Charles Dickens’s A Christmas Carol was published on December 19, 1842. It’s nearly two centuries later, yet millions of us will watch one of the film adaptations this year—with Scrooge, or someone like him, played by everyone from Mickey Mouse to Bill Murray to George C. Scott. (I’ve always preferred Patrick Stewart’s version.)
The story is so familiar, it’s easy to lose sight of its essence: A Christmas Carol is about a wealthy man—closer to the end of his life than the beginning—forced to answer the question: “What good will it be for someone to gain the whole world, yet forfeit their soul?”
Thomas Merton put the same idea into a modern context when he wrote: “People may spend their whole lives climbing the ladder of success only to find, once they reach the top, that the ladder is leaning against the wrong wall.” Seen this way, A Christmas Carol is the story of a man who learns that he had very successfully climbed the wrong wall.
You can dismiss it as sentimental pap if you like, but there is a reason we are entertained, drawn in and even challenged by Ebenezer Scrooge’s existential crisis. Our world may not have much in common with Victorian England, but we have a great deal in common with Scrooge.
Still, you might be asking, what does Scrooge have to do with leadership? Good question: When Ebenezer is visited by the Ghost of Christmas Past, one of their stops is an office Christmas party thrown by his long-ago boss and mentor, Mr. Fezziwig. As he and the ghost watch the celebration, Scrooge explains why he’s so moved by what he sees—and what he remembers from his own experience:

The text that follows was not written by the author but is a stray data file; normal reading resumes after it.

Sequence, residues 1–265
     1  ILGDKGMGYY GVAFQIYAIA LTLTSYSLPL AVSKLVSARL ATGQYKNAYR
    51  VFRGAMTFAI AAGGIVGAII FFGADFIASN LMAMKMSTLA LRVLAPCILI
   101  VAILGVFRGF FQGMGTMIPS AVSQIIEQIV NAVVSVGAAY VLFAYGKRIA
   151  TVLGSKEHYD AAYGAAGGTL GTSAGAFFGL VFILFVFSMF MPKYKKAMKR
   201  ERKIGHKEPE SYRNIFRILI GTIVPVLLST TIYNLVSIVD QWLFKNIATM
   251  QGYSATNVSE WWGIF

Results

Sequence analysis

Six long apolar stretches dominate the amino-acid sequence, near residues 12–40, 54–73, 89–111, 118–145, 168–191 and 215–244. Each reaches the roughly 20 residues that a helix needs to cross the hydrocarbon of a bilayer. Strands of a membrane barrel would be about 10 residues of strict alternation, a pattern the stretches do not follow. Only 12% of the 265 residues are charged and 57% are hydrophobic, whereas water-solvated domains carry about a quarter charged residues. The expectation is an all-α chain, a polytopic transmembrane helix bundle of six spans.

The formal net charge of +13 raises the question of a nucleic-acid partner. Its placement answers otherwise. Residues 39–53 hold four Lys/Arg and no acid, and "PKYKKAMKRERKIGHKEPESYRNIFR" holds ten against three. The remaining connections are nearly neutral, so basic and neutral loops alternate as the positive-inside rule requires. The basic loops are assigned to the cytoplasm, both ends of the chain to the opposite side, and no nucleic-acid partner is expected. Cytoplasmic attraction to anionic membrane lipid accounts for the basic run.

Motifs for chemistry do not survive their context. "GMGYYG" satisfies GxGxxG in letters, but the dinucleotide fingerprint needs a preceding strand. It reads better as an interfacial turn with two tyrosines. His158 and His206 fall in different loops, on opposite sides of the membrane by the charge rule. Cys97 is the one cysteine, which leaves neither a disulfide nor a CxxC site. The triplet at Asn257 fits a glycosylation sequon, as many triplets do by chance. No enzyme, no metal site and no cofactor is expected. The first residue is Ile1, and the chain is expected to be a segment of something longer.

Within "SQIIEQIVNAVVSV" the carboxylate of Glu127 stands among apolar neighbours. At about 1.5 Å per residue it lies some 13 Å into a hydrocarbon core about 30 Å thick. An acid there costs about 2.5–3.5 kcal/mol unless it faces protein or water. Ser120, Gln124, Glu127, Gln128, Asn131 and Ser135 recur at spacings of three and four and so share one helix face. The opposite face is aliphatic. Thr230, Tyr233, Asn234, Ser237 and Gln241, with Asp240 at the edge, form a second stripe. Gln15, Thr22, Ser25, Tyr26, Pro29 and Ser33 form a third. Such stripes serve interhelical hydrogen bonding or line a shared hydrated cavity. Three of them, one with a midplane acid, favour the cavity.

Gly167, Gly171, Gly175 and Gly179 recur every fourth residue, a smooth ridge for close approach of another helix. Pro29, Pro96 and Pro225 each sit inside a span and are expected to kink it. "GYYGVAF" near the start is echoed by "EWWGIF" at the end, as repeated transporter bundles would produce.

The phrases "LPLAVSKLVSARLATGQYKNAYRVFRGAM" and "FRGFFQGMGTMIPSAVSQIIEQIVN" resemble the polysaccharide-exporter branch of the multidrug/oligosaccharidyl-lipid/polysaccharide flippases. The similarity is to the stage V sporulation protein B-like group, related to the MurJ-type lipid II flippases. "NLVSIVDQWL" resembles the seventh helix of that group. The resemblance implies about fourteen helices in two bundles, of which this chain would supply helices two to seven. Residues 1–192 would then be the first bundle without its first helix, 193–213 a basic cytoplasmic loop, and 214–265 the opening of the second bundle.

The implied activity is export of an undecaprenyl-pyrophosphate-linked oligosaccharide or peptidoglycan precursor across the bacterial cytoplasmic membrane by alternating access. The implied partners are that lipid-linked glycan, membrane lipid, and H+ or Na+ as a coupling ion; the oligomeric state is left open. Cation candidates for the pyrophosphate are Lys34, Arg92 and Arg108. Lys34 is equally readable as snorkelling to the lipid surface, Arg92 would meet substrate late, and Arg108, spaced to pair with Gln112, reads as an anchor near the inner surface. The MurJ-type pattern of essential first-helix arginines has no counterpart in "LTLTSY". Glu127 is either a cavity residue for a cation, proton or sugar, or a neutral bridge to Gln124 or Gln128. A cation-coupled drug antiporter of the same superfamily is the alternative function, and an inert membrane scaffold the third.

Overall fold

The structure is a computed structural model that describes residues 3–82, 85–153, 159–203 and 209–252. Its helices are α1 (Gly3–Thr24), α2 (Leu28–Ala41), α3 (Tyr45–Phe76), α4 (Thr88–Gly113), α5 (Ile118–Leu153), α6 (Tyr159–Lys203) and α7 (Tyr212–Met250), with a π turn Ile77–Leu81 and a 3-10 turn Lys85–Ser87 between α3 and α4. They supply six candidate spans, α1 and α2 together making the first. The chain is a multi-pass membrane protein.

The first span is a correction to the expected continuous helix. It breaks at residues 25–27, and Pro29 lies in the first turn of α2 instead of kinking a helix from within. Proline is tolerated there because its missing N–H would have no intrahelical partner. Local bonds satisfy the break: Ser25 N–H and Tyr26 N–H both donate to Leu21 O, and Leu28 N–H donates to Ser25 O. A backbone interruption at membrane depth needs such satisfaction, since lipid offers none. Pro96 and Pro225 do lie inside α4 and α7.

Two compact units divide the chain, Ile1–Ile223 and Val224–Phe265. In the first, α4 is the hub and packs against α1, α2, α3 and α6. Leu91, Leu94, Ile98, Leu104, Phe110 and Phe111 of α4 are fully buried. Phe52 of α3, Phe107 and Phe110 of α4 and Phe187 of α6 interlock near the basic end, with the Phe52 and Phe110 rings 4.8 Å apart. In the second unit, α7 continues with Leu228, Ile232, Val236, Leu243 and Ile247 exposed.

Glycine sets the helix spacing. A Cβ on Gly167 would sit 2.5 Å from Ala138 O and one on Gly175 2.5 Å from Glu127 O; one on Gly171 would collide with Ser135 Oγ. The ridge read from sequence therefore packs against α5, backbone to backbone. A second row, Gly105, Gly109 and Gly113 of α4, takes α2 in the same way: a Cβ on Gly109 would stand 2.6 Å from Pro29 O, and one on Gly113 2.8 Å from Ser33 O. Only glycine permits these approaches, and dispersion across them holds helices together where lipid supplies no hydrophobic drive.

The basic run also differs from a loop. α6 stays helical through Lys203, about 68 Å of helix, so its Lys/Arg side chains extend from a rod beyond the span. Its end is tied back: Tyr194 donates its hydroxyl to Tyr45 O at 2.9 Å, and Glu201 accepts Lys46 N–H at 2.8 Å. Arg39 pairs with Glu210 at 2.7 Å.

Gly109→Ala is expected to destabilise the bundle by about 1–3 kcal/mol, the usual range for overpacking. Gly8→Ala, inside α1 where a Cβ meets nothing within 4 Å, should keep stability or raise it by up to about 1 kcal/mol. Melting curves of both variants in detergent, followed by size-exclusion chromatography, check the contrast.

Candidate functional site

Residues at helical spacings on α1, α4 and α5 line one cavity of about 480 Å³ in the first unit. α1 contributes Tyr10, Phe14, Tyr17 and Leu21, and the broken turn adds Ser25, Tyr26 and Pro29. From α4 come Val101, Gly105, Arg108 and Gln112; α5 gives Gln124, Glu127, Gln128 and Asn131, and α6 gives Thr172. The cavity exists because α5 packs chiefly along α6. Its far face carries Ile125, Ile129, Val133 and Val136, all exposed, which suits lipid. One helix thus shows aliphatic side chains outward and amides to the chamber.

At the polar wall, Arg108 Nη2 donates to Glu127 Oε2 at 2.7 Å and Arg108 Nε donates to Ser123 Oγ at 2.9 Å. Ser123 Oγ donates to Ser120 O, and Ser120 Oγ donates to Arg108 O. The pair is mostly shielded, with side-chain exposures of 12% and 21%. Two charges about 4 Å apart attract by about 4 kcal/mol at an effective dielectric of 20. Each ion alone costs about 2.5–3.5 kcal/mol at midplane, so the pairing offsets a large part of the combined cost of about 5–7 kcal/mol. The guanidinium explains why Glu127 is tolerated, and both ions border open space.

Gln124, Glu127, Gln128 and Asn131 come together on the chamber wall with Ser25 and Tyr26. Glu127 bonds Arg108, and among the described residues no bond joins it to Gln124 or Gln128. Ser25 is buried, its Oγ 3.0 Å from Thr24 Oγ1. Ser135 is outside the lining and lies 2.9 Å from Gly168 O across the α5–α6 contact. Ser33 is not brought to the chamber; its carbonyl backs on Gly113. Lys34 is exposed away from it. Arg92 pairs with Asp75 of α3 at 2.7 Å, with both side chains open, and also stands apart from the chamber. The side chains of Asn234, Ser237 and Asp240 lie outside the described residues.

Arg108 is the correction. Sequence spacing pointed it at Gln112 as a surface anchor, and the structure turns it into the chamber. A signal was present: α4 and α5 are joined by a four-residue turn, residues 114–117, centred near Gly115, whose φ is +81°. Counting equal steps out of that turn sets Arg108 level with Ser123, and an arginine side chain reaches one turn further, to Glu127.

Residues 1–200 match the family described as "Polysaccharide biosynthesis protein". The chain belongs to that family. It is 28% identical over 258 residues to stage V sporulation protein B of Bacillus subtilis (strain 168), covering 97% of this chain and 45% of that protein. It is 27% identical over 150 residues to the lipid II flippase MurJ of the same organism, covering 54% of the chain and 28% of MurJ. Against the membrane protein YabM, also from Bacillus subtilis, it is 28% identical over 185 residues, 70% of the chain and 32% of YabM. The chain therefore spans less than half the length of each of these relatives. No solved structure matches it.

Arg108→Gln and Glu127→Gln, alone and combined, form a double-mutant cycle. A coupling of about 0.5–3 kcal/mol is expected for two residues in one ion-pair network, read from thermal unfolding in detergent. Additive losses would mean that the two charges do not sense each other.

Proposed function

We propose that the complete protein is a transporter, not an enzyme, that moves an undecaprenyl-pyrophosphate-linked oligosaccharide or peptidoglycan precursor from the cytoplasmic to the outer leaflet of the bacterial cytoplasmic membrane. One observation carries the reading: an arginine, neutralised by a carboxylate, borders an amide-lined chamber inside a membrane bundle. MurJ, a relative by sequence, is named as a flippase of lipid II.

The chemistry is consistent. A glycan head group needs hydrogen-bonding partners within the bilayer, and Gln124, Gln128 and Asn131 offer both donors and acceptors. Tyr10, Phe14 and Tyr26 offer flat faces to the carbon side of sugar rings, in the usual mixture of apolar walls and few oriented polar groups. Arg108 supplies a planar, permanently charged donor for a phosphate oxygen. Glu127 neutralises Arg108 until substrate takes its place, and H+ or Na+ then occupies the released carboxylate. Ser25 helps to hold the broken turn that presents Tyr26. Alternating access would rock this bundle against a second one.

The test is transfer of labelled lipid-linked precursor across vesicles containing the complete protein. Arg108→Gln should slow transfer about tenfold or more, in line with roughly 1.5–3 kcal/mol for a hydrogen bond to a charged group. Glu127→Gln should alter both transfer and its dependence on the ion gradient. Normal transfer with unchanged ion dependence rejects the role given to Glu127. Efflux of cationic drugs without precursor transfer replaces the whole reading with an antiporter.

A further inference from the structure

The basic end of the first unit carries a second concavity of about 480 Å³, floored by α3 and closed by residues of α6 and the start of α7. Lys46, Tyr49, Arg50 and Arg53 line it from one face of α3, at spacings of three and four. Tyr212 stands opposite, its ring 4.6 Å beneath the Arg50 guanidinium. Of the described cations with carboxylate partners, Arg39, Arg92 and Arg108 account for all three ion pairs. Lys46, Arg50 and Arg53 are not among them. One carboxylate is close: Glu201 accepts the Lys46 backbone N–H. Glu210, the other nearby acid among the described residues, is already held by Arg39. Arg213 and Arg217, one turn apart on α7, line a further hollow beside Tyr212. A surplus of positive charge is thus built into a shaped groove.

“He has the power to render us happy or unhappy; to make our service light or burdensome; a pleasure or a toil. Say that his power lies in words and looks; in things so slight and insignificant that it is impossible to add and count ‘em up: what then? The happiness he gives, is quite as great as if it cost a fortune.”
Notice two things–the verb tense Dickens used—”has the power” and “the happiness he gives” – and where Fezziwig’s power came from “words and looks; in things so slight and insignificant.”
If Scrooge is an everyman, then Fezziwig is an every-boss. As leaders, managers, supervisors of any kind, our power—regardless of whether we realize or even agree that we have it—“lies in words and looks.” How we use those words and looks can be the difference between light or burdensome, pleasure or toil.
When I was a much younger man, I came across an idea that has affected me profoundly: Time is a great teacher, but it kills all its pupils. Of course, Scrooge sees this too in a very personal way on his journey. But Scrooge gets the opportunity to step out of the flow of time and to see that his ladder is against the wrong wall before he finishes his climb.
My purpose here is not to advocate for Victorian progressivism, or to suggest that mankind, to corrupt Dickens a bit, is our business—although as ethics go, you could do worse. My point is that we don’t have to wait for a supernatural event or even a personal or professional crisis to force us to examine how we affect those around us—at work and at home—with our words and looks.
For all of us, there is a gap between who we are and who we wish to be. As this challenging year comes to a close, many will spend some time thinking about resolutions for next year. Let’s dedicate some of that time to thinking about ways we can close that gap.
It’s not at all sentimental to realize that our time here is temporary or to understand that our words and looks have a far greater impact on the people around us than we will ever know.
If we have within us the power to transform toil into pleasure, and we choose not to do it—for whatever reason— our ladder is on the wrong wall.